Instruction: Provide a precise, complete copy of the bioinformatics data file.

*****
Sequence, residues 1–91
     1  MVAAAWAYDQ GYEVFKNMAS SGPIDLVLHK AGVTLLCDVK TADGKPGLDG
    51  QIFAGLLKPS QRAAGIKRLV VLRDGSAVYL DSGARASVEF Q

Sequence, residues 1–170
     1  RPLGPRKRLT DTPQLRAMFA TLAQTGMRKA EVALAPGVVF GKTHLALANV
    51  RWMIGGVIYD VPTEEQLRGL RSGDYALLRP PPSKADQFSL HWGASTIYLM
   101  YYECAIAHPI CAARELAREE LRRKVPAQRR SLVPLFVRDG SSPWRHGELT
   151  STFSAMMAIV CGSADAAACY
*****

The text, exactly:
Sequence, residues 1–91
     1  MVAAAWAYDQ GYEVFKNMAS SGPIDLVLHK AGVTLLCDVK TADGKPGLDG
    51  QIFAGLLKPS QRAAGIKRLV VLRDGSAVYL DSGARASVEF Q

Sequence, residues 1–170
     1  RPLGPRKRLT DTPQLRAMFA TLAQTGMRKA EVALAPGVVF GKTHLALANV
    51  RWMIGGVIYD VPTEEQLRGL RSGDYALLRP PPSKADQFSL HWGASTIYLM
   101  YYECAIAHPI CAARELAREE LRRKVPAQRR SLVPLFVRDG SSPWRHGELT
   151  STFSAMMAIV CGSADAAACY